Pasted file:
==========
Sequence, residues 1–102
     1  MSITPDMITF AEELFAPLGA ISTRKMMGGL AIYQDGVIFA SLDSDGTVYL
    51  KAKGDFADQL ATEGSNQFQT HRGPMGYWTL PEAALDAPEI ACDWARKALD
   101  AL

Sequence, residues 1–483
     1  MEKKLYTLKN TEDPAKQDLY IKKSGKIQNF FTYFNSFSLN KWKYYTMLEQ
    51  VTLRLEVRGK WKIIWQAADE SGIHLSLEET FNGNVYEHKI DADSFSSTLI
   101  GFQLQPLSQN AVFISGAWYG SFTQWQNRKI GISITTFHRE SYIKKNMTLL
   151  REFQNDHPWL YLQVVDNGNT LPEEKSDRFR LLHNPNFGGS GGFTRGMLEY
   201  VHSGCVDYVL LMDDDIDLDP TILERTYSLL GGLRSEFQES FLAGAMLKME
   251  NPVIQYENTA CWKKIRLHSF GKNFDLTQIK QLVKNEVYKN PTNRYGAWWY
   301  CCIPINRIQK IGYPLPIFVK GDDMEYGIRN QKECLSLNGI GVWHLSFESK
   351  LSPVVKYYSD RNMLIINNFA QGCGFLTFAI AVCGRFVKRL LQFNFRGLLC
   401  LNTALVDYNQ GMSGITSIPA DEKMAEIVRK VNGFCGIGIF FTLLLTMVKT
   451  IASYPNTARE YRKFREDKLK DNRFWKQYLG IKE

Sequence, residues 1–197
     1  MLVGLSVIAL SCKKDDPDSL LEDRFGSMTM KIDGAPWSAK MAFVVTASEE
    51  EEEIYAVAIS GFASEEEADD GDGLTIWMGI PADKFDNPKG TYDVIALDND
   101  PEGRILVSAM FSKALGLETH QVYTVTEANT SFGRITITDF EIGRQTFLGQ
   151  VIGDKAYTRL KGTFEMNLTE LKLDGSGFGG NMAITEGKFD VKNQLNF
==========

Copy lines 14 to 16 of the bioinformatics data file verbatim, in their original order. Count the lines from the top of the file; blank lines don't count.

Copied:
   401  LNTALVDYNQ GMSGITSIPA DEKMAEIVRK VNGFCGIGIF FTLLLTMVKT
   451  IASYPNTARE YRKFREDKLK DNRFWKQYLG IKE

Sequence, residues 1–197